What's the Big Deal About Chambered Guitars?

HOLLOW AND SEMI-HOLLOW ELECTRIC guitars have been with us since the dawn of rock and roll, but more and more makers are producing “chambered” guitars these days.
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HOLLOW AND SEMI-HOLLOW ELECTRIC guitars have been with us since the dawn of rock and roll, but more and more makers are producing “chambered” guitars these days. Chambered guitars appear solid, but have air pockets hidden inside, and, in some circles, the trend has generated negative feedback.

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So, from a perspective of tone, is there something inherently “wrong” with adding air space to a guitar that would otherwise pass as a traditional solidbody?

First off, it’s important to realize that chambering is really nothing new. Gretsch’s original Chet Atkins Solidbody and Duo Jet models of the mid ’50s had narrow chambers of air between their mahogany bodies and arched maple tops. These might have been a quirk of the design, but that doesn’t make a ’50s Gretsch “so-called solidbody” any less of a classic.

Fender started routing wood from its Telecaster body in 1968, when stocks of ash were getting heavier, and created the semisolid Thinline model, adding an f-hole to make a virtue of the air space within. The Telecaster Thinline might be the first example of a major maker intentionally removing body wood purely to reduce an instrument’s weight. Such motives might have helped start the negative spin cycle on chambering.

Manufacturers who chamber guitars purely to lighten the load—what’s known as “weight relieving”—occasionally do so without specific consideration to tone. The practice does alter the tone, but in a way that is random, rather than calculated. The upside, though, is that in a world where players have largely turned against butt-heavy guitars, weight relief can turn an 11lb boat anchor into a comfortable 8.5lb instrument.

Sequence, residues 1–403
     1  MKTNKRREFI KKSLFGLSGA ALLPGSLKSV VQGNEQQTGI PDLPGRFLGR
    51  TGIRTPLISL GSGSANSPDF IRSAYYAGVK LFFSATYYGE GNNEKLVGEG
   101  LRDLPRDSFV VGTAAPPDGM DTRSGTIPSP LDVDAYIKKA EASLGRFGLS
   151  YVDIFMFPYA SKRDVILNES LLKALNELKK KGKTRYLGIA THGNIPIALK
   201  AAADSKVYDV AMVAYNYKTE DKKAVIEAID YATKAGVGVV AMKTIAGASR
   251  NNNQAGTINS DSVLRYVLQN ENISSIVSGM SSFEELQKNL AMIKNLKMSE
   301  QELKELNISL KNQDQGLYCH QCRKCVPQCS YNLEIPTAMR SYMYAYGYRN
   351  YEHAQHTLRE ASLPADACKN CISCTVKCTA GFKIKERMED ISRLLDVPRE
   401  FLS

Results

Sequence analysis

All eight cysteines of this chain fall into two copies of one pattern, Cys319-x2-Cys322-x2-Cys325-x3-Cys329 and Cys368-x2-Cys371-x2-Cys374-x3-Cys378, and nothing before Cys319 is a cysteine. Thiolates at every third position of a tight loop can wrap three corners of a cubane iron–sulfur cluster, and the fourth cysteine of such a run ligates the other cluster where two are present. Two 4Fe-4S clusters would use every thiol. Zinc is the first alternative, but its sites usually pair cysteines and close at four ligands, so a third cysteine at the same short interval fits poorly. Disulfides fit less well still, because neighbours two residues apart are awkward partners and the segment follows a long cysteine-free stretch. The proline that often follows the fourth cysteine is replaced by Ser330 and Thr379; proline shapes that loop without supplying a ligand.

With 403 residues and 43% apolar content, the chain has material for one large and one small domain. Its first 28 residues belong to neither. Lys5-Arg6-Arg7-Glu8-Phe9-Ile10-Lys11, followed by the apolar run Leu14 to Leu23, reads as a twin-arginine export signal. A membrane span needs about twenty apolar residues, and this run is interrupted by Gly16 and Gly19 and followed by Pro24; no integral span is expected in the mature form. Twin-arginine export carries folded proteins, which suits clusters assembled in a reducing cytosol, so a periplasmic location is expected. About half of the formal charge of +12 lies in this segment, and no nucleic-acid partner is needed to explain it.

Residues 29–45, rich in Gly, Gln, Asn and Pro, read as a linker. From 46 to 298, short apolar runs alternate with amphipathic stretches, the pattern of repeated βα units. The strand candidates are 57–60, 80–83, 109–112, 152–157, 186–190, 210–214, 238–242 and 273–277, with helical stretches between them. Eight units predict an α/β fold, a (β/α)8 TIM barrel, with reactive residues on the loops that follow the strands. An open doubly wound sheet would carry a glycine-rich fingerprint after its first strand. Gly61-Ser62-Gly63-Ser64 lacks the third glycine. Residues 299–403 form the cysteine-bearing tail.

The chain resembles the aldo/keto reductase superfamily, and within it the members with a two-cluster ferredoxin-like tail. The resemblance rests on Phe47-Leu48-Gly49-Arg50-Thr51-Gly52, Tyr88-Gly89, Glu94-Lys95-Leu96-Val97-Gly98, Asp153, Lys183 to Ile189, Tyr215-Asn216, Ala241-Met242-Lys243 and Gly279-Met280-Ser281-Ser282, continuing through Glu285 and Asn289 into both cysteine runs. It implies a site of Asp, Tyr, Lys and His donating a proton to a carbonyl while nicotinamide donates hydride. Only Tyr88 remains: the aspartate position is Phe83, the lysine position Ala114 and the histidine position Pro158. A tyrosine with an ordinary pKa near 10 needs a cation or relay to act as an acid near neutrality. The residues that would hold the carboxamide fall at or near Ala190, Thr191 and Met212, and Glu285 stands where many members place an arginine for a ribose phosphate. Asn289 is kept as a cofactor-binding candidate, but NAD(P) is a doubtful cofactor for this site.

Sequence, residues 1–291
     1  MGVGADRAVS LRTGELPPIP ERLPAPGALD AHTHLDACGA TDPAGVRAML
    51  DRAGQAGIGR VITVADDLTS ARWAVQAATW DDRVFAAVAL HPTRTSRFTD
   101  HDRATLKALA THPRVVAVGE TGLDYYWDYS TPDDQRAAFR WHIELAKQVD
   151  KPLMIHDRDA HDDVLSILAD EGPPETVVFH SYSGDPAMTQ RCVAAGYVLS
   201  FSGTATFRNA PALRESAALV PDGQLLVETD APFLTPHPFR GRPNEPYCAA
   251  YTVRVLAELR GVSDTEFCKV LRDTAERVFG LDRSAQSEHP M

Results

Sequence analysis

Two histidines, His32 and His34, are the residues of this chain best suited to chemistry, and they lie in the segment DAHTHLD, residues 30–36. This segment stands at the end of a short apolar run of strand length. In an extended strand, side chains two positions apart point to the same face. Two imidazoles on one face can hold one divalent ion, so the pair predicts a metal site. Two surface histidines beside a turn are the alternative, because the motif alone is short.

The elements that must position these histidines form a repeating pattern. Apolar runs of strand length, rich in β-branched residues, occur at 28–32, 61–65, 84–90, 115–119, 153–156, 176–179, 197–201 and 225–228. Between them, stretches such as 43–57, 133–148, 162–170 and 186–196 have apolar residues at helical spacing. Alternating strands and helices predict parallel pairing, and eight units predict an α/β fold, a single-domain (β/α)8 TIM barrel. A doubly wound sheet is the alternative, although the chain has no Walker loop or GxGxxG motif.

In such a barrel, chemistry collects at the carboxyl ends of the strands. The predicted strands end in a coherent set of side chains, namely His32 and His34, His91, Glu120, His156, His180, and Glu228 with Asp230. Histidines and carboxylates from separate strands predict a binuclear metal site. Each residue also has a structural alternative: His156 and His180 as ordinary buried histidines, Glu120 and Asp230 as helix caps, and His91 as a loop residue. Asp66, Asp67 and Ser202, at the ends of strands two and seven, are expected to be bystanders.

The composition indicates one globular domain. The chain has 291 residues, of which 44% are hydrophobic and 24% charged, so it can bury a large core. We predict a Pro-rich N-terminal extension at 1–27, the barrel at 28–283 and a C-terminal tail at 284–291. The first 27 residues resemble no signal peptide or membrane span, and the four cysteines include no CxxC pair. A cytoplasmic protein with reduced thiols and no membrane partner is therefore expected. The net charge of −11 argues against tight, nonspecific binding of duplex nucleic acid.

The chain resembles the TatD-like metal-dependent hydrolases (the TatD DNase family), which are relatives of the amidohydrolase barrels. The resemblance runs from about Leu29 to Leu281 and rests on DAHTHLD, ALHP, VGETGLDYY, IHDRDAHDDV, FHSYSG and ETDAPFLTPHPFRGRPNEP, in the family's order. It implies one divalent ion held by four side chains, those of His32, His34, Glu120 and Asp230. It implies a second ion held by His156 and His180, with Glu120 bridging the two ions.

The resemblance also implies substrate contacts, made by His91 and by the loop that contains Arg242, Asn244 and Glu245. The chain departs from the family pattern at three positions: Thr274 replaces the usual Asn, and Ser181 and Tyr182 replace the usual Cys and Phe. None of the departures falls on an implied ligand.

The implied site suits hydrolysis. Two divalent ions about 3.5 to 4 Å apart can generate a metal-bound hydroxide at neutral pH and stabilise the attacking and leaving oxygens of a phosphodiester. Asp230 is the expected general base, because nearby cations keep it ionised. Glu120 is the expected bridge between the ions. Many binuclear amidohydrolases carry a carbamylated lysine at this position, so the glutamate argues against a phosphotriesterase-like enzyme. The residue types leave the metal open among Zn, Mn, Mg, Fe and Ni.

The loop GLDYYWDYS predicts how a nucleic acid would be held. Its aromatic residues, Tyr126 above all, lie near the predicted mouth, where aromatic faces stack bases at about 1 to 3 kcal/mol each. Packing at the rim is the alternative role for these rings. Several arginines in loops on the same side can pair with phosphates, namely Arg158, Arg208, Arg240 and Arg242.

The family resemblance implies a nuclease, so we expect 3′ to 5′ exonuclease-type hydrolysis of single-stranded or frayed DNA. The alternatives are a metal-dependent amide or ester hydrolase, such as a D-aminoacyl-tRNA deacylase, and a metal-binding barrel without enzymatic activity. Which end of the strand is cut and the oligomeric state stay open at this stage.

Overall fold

Still, many traditionalists frowned upon Gibson’s use of weight relief on several Les Paul models—the heft of which was reduced by the “Swiss cheese” method of drilling several large holes spread around the mahogany back. Of course, the same detractors were unlikely to buy a Les Paul that weighed more than 10lbs anyway, so it put the maker in a Catch 22 situation.

Recently, Gibson has carefully rethought its chambering practices, and devised a “modern weight relief” pattern that reduces weight, while also enhancing a guitar’s resonance and sustain. But that storied maker isn’t the first to find sonic benefits in making a solidbody less than solid. Acclaimed Swedish master-builder Johan Gustavsson has long used a carefully thought-out chambering technique— purely for sonic reasons—on his Bluesmaster guitars. The model is inspired by the legendary ’59 Les Paul “burst,” but seeks to take the feel, tone, and response even further. While Gustavsson does build some entirely solid examples, the majority are constructed with a number of narrow chambers (or channels) routed entirely parallel with—and never crossing—the grain of the body wood.

American luthier Michael Tuttle does something similar with some of his guitars, and the practice is seen elsewhere, too. In these cases, careful chambering is done to increase resonance and enhance the guitar’s voice, and is performed by builders who could simply use lighter wood if weight relief was the primary goal. Regardless, some players with notions of what a solidbody should be that are stuck firmly around 1959, still rail against such “secret chambering.”

Whatever you call the practice, the removal of wood from an otherwise solid electric guitar can serve a number of ends. Some might be purely physical, yet still desirable, while others have glorious sonic consequences. What it accomplishes for you really depends on that puzzling conflagration of how it is done, and what you are looking to hear or feel in a guitar.